The last time Carmela King saw her fiance, she dropped him off to hang out with a co-worker in rural Pennsylvania. Her last “Love You” text message went unanswered. A few hours later, she said, his dead body was lying across the cabin’s front lawn — his back peppered with multiple bullet wounds.
Peter Bernardo Spencer was killed Dec. 12 — more than six weeks ago. Since then, no charges have been filed in the killing of the 29-year-old father-to-be.
“He was a good man and his life mattered,” King said. “He deserved to be here to raise his child and to be the family man, the husband, and the hard-working man he desired to be.”
For 45 days, the people accused of killing Spencer have walked free — leaving his family, activists and religious groups flummoxed. The incident, they said, underscores a grim double standard in which the wheels of justice operate differently based on the victim’s skin color.
Spencer, who emigrated from Jamaica in 2013, was found dead shortly before 2:30 a.m. in Rockland, Pa. — some 85 miles north of Pittsburgh — according to a Pennsylvania State Police news release. Officers also found multiple firearms, “ballistic evidence” and drugs at the cabin. The suspect — described as a 25-year-old White man — and three other individuals, who are also White, were detained and questioned. All four were released after consultation with the Venango County District Attorney’s Office. The State Police’s Heritage Affairs team, which responds to hate- or bias-related crimes, was notified — but Spencer’s death is not being investigated as a hate crime.
“I would love to see a district attorney who finds a crime scene with a house full of Black people, a White guy in the yard with nine bullet holes, and then detains them and lets them all go,” said civil rights attorney Paul Jubas, who is advising Spencer’s family. “I would love to see what the response is to that. That district attorney would be instantly out of office the next day. White America would not stand for that.”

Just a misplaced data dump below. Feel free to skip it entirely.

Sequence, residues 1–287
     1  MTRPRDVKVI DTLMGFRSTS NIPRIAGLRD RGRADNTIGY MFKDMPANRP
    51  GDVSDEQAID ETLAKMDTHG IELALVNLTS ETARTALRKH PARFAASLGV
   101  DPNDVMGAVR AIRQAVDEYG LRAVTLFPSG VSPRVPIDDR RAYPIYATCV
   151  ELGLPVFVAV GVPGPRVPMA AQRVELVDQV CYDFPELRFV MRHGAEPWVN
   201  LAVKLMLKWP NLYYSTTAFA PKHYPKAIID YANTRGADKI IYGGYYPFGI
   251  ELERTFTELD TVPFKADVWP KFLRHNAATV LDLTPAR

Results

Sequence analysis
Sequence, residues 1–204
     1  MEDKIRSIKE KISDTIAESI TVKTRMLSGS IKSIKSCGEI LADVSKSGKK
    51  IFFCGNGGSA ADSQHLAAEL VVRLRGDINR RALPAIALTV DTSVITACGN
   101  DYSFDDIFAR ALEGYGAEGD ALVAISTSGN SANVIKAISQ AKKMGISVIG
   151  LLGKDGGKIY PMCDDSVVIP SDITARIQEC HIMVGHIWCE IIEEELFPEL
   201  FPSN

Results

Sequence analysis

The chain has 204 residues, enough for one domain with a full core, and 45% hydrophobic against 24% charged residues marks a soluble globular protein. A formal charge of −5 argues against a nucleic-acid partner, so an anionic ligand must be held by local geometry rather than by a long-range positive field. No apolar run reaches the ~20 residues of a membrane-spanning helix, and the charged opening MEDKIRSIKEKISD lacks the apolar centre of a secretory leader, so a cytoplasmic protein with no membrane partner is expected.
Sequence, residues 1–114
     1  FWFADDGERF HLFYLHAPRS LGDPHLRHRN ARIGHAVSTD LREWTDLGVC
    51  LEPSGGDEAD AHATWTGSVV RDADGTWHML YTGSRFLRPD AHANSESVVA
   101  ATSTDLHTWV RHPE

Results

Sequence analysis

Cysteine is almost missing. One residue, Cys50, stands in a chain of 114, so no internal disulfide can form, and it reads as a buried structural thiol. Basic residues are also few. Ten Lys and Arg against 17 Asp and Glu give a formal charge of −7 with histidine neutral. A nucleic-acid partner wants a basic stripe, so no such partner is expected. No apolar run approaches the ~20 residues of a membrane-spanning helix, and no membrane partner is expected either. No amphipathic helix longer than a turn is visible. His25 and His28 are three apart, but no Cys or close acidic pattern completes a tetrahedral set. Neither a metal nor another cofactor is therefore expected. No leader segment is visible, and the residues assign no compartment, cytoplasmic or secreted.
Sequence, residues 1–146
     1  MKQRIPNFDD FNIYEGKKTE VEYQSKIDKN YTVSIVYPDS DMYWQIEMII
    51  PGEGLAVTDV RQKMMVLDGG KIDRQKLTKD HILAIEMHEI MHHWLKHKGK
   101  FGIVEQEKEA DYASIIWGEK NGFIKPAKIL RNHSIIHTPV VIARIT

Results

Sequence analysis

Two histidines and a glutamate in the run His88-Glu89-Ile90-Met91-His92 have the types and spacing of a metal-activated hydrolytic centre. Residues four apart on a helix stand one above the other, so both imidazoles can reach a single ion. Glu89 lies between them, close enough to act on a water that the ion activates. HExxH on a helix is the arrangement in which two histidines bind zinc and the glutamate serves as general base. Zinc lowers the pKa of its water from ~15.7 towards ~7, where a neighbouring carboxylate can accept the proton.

Venango County District Attorney Shawn White urged patience Tuesday in a statement sent to The Washington Post, saying that while he recognized the family’s desire for information, his office must conduct a thorough investigation.
But as the days have dragged on with no arrests, the family’s astonishment has turned into outrage. They are now pleading for federal agencies to get involved in the investigation; for the case to be referred to Pennsylvania Attorney General Josh Shapiro; and for information to be released to Cyril Wecht, a renowned pathologist hired to conduct a private autopsy.
“We’re being stonewalled,” Jubas said. “So even something as simple as sharing their autopsy photos with our medical examiner — even something as small as that — they are refusing to cooperate with.”
Spencer was a beloved “mama’s boy,” said his mother, Icilda Spencer-Hunter. He called her “madre” and was always ready to give her a big hug or shoulder rub. Together, she said, they were working to make their dream of opening a restaurant a reality — starting with a catering service offering Jamaican staples. Though Spencer recently became a vegan, Icilda said her son’s specialties included jerk chicken and “anything with curry and herbs.” His younger brother Tehilah remembered Spencer as a self-taught, multiskilled man who was always willing to help others.
He was also a soon-to-be-father — to a baby that will be born in June.